A willful violation may be imposed if the IRS determines that you intentionally and voluntarily failed to file an FBAR or to keep records in accordance with the law. This usually happens when the IRS believes that you knew that you were required to file an FBAR, but chose to ignore it.
How Will the IRS Contact Me about a Potential FBAR Penalty?
If the IRS determines that you failed to file an FBAR when you were required to do so, or that you committed another violation relating to an FBAR, then it will send two letters. First, IRS Letter 3709 is sent before the penalty is assessed. Second, IRS Letter 3708 is sent to taxpayers after an FBAR penalty has been imposed.
Letter 3709 is also referred to as an FBAR 30-Day Letter. It explains why the IRS believes that FBAR penalties should be imposed in your situation, as well as information on the penalty amount. You then have 30 days to appeal this determination.
Letter 3708 is a demand for payment of the penalty that has already been imposed, along with information about other costs that may be imposed for failure to pay, including interests, penalties, and collection expenses. If you receive an FBAR 3708 letter, you should have already gotten an FBAR 3709 letter.
Getting either an FBAR 3708 or 3709 letter is an incredibly serious matter. If you fail to take action, you could face substantial monetary penalties or even incarceration in federal prison.
How Should I Respond to an FBAR 3708 or 3709 Letter?
If you have received IRS Letter 3708 or 3709, there are two potential ways to respond. It is not a foregone conclusion that you will face all of the fines, penalties, and interest listed in the letter. However, if you don’t take action, then the potential for having the full extent of the penalties imposed increases.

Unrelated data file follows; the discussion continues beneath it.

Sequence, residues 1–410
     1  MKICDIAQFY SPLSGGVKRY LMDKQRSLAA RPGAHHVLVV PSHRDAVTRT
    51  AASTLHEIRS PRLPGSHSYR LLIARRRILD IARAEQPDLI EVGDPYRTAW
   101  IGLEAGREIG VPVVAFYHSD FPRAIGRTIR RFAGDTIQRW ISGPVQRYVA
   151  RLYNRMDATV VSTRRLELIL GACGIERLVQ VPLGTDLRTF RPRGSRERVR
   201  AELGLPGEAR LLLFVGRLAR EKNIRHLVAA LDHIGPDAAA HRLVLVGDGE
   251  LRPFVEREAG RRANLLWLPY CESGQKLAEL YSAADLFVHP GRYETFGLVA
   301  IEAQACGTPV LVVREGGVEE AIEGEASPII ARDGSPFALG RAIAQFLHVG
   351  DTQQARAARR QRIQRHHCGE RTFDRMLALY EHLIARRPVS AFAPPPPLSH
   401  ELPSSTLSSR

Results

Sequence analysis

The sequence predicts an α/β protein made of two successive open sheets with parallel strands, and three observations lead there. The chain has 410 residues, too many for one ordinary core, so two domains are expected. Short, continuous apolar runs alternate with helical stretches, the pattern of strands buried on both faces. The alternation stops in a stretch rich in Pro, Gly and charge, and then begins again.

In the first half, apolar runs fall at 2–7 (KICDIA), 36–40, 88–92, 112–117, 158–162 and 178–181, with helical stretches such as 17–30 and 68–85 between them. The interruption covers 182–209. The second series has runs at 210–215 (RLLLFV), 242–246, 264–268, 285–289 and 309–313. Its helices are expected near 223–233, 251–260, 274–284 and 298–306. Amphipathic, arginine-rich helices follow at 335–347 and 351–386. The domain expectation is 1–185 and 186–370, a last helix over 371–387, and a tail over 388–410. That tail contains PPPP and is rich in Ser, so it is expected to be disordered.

There are two basic options for responding to either letter. First, if you agree with the IRS’s assessment of the fine and penalty, you can reply as such to the IRS. You need to submit this response and either a full or partial payment to the IRS within 30 days.
Second, you can appeal the penalty. This can be done by requesting a conference with the IRS Appeals Office in response to FBAR letter 3709. Alternatively, in response to FBAR letter 3708, you can file an administrative appeal or pay the penalty and then sue the IRS for a refund. Importantly, you can only request an administrative appeal in response to letter 3708 if you did not already do so, or if new situations have arisen since you filed an administrative appeal.
For both letters, time is of the essence. If you fail to respond, then the penalties will be imposed. That is why it is important to consult with an international tax lawyer as soon as possible after receiving notice that you may be subject to FBAR penalties.
Contact Paladini Law for Help with FBAR Issues
If you have received IRS Letter 3708 or IRS Letter 3709, you may be worried about what will happen next. While these letters are incredibly serious, all hope is not lost. An IRS attorney can help you appeal a penalty assessment, and even have your penalty reduced.
At Paladini Law, we have substantial experience helping taxpayers with matters related to disclosure of foreign assets, including penalties assessed for FBAR-related violations. We will put our knowledge and skills to work for you to help you achieve the best possible outcome. To learn more or to schedule a consultation, call us at 201-381-4472 or email us at any time.